Last semester I had the opportunity to study the monks who lived in the deserts of Egypt, Judea and Syria between the third and the seventh century. I enjoyed stepping into the fascinating world of desert monastics. Although I have no desire to run off into the desert forsaking everything, I did come to appreciate how thoroughly monastic theology permeated every aspect of their life. For the monastics, theology was inextricably connected with the physically tangible. Today, even fifteen hundred years later, they continue to teach us about the importance of this connection.
Allowing theology to bleed into our surroundings is not merely artistic or aesthetic. It is a practical application of our faith. Our head knowledge is already so intertwined with the work of our hands, with the places our feet go, and with what our mouths say. James talks about the necessity of this connection, saying that “faith by itself, if it is not accompanied by action, is dead” (James 2:17). Furthermore, action is never detached from physical space. For example, if you want to work out, then you need to alter your physical space by going to a gym or buying equipment to work out at home. At some point, our physical space must change if we are to fully carry theology into action.
Monks took great steps to apply their theology in tangible ways. For them, this meant a primary focus on the relationship between the spiritual and the physical. Monastics leaned into the tension between pursuing the spiritual and how this pursuit was intrinsically tied to the physical world.
The monastic men and women surrendered all ties to civilization, giving up money, possessions, family, and more. In a time when family and community were the keys to survival, the monks renounced them all in favor of pursuing God alone. Many times, monks received gifts from their families while in the monasteries. Others kept up intensive letter-writing campaigns with the nearby community (Hevelone-Harper 21). The monks desired to dedicate themselves fully to God and also interact with the world, which manifested itself in the cities, roads, churches, wells, homes, and gardens they built.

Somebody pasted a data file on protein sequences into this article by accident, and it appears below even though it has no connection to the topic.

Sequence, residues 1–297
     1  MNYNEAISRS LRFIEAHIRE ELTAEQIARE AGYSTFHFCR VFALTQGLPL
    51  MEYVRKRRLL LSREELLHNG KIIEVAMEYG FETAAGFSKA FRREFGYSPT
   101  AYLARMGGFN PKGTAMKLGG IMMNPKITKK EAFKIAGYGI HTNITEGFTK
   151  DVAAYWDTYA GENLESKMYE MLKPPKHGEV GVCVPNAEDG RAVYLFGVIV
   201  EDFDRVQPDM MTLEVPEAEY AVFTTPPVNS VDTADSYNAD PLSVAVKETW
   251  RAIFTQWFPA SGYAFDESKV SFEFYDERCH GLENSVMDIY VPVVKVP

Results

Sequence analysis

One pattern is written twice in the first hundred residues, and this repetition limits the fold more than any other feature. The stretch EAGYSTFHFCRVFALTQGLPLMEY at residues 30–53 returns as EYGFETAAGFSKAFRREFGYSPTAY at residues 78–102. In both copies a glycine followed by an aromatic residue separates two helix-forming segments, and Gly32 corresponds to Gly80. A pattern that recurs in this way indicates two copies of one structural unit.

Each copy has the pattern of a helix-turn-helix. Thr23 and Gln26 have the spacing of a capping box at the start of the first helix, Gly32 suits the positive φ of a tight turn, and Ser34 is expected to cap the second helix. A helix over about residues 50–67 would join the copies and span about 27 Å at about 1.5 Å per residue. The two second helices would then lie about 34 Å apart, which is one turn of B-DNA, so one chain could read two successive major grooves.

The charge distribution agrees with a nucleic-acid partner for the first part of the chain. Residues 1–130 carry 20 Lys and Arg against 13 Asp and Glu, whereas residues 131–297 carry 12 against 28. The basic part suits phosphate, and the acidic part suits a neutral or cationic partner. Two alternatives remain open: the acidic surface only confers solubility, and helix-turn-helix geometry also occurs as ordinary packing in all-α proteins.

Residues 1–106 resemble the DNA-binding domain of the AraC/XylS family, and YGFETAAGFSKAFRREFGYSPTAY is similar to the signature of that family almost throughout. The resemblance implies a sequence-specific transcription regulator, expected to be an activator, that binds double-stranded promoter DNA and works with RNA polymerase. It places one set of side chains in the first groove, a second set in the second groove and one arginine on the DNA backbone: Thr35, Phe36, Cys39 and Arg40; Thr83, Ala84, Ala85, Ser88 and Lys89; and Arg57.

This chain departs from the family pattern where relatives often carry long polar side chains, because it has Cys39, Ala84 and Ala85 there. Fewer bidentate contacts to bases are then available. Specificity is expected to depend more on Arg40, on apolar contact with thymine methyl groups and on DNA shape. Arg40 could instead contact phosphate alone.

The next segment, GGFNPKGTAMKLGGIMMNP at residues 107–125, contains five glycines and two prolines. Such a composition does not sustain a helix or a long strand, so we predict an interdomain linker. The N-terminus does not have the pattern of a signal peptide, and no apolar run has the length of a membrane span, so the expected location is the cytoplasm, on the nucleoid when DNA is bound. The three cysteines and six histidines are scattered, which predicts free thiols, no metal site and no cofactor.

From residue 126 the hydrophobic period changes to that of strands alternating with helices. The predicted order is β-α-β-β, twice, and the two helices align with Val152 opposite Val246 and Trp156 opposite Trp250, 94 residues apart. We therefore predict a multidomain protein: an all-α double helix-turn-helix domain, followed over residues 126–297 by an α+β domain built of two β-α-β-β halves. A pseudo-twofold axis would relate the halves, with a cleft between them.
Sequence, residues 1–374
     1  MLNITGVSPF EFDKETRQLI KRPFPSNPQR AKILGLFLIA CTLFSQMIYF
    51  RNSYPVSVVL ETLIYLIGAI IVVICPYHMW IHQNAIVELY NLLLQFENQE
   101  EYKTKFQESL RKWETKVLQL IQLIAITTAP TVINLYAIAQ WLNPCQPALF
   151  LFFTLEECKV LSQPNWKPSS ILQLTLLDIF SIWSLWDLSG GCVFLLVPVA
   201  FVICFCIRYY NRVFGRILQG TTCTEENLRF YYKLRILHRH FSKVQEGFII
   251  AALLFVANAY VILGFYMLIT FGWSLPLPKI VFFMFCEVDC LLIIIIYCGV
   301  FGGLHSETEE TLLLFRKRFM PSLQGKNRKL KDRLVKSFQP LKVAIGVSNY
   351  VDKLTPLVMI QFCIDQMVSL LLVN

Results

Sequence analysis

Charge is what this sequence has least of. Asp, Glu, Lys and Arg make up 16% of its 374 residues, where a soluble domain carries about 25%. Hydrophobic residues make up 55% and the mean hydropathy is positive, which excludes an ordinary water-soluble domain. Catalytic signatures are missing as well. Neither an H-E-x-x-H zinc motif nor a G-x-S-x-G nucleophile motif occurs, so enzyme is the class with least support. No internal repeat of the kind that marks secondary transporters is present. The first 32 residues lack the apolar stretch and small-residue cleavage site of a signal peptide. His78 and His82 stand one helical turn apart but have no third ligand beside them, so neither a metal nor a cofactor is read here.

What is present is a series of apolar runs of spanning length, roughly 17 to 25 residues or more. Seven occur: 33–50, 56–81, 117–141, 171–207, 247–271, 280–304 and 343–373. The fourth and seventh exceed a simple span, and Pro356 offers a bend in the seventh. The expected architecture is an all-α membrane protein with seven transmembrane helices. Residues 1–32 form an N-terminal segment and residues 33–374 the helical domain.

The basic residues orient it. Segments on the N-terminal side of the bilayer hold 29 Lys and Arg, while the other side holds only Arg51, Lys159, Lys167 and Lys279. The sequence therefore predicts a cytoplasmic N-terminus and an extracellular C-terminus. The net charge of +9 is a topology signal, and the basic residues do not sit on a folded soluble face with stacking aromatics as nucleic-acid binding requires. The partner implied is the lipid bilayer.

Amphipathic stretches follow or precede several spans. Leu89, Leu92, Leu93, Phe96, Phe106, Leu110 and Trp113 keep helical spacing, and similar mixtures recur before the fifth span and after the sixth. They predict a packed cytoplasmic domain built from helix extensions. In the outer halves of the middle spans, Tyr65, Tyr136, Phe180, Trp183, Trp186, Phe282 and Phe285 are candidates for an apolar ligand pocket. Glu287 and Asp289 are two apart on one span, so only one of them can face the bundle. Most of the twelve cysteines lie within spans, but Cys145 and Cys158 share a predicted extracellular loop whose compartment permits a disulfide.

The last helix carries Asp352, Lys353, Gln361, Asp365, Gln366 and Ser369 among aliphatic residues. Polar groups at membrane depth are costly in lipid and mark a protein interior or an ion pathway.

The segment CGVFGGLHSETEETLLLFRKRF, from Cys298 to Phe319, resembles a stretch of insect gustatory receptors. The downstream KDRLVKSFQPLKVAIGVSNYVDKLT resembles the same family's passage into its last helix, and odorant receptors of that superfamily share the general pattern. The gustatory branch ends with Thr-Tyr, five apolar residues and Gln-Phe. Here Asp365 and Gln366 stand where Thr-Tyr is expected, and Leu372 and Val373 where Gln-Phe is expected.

An important goal for monkish architecture was to orient the physical realm to serve the spiritual. This relationship was explored in their sleeping quarters, churches, and refectories (just to name a few). The physical was often oriented towards the spiritual practice of prayer.
Despite their many ascetic practices, monks still had to do things like sleep and seek protection from the weather. Their cells were thusly “designed for quiet and prayer” (Gabra 21). Generally, the monastic cell had two rooms, one for prayer and one for sleeping, with the door attached to the prayer room (Magad and Moussa 163). The room was not fundamentally special in decor. Instead, it was special because of its greater purpose. Regardless of the type of community, as “the center of monastic life,” the cell was always present (Gabra 31). Anytime a monk wanted to interact with the outside world, by either leaving the cell or by welcoming a visitor in, they had to go through their prayer room. This simple layout reflected a prioritization of the spiritual but also an orientation of the physical towards the spiritual. In an extremely practical space, the monks prioritized rest and connection to God. By using the prayer room as the room which the outside world would enter into, the monks used space to reflect their theology.
What should one take away from the desert monks? I do not think it should necessarily be to build a prayer room. We should take their example as an encouragement to apply our theology to our own physical spaces. More specifically, their example of placing a room dedicated to prayer between them and the outside world is something to consider. Spending time with God is essential for the Christian. It is good practice to set aside space to meet with God. For me, this looks like keeping my Bible by the end of my bed, as most of my time with God happens there. It has not guaranteed my faithfulness, but it has allowed me to fall into a rhythm of spending time with God.
The monks desired a deeper relationship with God, and so they journeyed into the desert. They longed to spend time with Him and Him alone. If we profess God as true and holy, then we should desire to have the same fervency as the monks.